PROVIDENCE — The chief judge of the US District Court cleared the way Wednesday for a new law that bans large-capacity gun magazines to take effect on Dec. 18.
In his order issued Wednesday, Chief Judge John J. McConnell Jr. wrote that a Glocester gun shop and four Rhode Island gun owners who sought a temporary restraining order did not prove that the ban on large-capacity gun magazines is unconstitutional.
As he concluded in his denial of the restraining order, McConnell wrote about the devastation caused by mass shooters and that victims are not chosen randomly. They were attending a synagogue in Pittsburgh, a church in Sutherland Springs, an elementary school in Newtown, and a high school in Parkland. “They were not chosen because of anything they did, but because of what they represented to a particular person with a gun and a lot of ammunition.”
While the lawsuit asking the court to void and repeal the law is still pending, the state is entitled to enforce the law and protect public safety, McConnell wrote.
“It is perhaps inevitable that Rhode Island will one day be the scene of a mass shooting,” McConnell wrote. “The LCM ban is a small but measured attempt to mitigate the potential loss of life by regulating an instrument associated with mass slaughter.”
He found the ban “reasonable” and “measured,” and said the plaintiffs failed to persuade that the law was likely unconstitutional.
Senate President Dominick J. Ruggerio and House Speaker K. Joseph Shekarchi said they were grateful for McConnell’s decision.
This ban was a signature part of the gun legislation that the General Assembly passed in the 2022 session. Legislators also approved laws prohibiting the open carrying of long guns and raised the age from 18 to 21 for people buying guns and ammunition.
“The legislation placing restrictions on high capacity magazines was carefully developed and thoroughly reviewed, and it was enacted after lengthy public testimony in both the Senate and the House Judiciary Committees,” Ruggerio and Shekarchi said in a statement Wednesday. “We firmly believed that the restrictions are necessary, reasonable and in the best interests of public safety, and that they would be upheld in a court of law, just as similar provisions in other states have been upheld.”
Retired Chief Sidney Wordell, the executive director of the Rhode Island Police Chiefs Association, said that people can turn their gun magazines over to police departments, which will hold them for safe-keeping until the court makes a final decision on the law. If the law is ultimately upheld, the owner can then decide whether to transfer the magazines to a gun shop to be sold out of state, donate them to the police, or have the magazines destroyed.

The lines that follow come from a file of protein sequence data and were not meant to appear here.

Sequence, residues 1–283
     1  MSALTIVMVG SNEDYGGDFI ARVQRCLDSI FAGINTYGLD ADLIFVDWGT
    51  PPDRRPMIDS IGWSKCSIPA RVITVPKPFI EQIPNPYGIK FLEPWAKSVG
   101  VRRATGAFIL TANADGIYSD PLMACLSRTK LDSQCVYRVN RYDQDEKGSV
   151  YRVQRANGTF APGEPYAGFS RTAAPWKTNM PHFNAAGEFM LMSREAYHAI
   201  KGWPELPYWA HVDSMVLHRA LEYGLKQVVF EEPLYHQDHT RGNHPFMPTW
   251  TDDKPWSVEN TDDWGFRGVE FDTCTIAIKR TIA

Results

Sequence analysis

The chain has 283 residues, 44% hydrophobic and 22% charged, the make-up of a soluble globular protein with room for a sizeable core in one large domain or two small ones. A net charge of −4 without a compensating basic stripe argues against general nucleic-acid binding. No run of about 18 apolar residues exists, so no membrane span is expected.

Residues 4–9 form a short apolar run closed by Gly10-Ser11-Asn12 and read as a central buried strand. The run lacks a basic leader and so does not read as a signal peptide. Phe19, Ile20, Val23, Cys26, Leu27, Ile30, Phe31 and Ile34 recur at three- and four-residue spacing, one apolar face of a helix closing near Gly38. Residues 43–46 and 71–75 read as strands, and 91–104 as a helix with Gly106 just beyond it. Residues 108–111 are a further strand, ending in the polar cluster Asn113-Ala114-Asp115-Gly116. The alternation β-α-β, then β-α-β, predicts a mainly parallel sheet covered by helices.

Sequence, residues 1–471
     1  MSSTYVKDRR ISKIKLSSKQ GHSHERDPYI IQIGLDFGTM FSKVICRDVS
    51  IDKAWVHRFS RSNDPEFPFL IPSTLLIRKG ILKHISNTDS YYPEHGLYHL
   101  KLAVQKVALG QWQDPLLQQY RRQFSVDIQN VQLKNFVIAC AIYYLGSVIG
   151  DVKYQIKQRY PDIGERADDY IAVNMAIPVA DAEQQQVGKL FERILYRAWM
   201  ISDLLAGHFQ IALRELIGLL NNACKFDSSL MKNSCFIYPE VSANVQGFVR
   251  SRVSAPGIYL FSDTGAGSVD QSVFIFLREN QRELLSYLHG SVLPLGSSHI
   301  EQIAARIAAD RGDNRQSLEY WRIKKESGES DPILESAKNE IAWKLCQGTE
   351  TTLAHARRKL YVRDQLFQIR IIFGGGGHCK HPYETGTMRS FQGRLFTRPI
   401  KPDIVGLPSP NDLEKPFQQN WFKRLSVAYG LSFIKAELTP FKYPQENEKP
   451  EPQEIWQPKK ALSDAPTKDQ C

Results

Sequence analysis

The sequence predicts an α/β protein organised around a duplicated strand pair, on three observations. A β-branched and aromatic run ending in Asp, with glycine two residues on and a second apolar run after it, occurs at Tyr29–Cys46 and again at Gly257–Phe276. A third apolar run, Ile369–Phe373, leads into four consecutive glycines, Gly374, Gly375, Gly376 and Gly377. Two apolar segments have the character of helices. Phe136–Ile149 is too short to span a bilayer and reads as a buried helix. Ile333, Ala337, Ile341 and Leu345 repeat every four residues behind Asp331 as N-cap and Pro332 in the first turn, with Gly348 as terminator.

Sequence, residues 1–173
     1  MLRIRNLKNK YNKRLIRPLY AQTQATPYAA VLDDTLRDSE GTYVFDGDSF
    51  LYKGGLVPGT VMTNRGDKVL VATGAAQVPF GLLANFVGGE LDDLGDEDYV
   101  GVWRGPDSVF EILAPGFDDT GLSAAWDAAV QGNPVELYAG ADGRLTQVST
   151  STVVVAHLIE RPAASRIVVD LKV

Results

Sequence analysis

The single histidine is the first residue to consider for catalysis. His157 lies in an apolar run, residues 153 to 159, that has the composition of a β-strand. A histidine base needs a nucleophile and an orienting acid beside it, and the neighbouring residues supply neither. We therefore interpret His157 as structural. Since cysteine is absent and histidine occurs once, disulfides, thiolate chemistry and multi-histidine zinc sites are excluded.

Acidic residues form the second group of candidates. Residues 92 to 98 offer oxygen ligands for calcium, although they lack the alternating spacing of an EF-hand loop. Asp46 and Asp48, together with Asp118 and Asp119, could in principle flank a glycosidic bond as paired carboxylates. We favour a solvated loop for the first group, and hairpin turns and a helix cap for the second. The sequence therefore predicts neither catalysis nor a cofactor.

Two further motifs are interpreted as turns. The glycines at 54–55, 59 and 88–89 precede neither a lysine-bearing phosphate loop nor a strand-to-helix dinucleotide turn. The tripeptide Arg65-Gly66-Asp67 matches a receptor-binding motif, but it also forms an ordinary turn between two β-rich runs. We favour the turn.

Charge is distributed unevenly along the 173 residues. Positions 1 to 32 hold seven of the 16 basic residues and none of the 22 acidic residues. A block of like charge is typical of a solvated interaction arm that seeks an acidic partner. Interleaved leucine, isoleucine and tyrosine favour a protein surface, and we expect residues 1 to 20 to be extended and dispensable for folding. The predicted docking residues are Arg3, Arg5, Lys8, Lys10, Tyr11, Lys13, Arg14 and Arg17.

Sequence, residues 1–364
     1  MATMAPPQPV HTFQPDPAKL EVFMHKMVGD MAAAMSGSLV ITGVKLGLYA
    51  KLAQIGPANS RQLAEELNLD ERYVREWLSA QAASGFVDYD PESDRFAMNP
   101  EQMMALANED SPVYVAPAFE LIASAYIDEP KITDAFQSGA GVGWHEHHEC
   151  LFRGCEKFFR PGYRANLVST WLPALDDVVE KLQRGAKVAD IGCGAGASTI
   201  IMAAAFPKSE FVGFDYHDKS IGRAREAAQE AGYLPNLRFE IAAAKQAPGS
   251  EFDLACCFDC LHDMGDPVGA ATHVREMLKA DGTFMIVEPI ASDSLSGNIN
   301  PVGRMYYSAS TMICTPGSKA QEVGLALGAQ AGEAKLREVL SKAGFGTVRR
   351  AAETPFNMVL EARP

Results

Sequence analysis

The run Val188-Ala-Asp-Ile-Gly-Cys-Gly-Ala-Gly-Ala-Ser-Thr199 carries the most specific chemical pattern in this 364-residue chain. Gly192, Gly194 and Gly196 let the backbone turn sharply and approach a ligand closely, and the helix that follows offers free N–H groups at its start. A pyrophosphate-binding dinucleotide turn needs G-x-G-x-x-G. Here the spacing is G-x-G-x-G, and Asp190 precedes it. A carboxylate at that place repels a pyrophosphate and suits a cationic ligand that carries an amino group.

Wordell said that “very few” people have turned in their gun magazines over the last six months.
Those who’d advocated for the law were thrilled.
“We are pleased with the Court’s decision and are confident it is the correct ruling,” said Brian Hodge, spokesman for R.I. Attorney General Peter Neronha.
“We’re elated about this decision,” said Sydney Montstream-Quas, spokeswoman for the Rhode Island Coalition Against Gun Violence. “The General Assembly passed the bill and the governor signed it into law all knowing this is critical for public safety. And we know from the data that stronger gun laws lead to less gun violence, so this is critical for the safety of Rhode Islanders.”
Those who own large-capacity magazines would have to recognize that the law is taking effect, she said.
“We recognized that many gun-owning people want to obey the law, and here is an opportunity for them to continue obeying the law,” Montstream-Quas said. “They claim they are law-abiding citizens, and here is an important law, and it needs to be abided by.”
Lobbyist and lawyer Frank Saccoccio, who represents the Rhode Island 2nd Amendment Coalition, did not immediately respond to a request for comment.
The Burrillville Town Council — a town with the symbolic designation as a “Second Amendment Sanctuary Town” — had talked about joining the lawsuit. The chairman, Don Fox, began bringing his gun magazines to meetings last summer, swearing he’d never give them up. The council backed off joining the lawsuit on the advice of legal counsel.
“An Obama-appointed judge who believes in legislating from the bench, rather than upholding the US Constitution, made a bad ruling. No surprise,” Fox said in a text message Wednesday afternoon.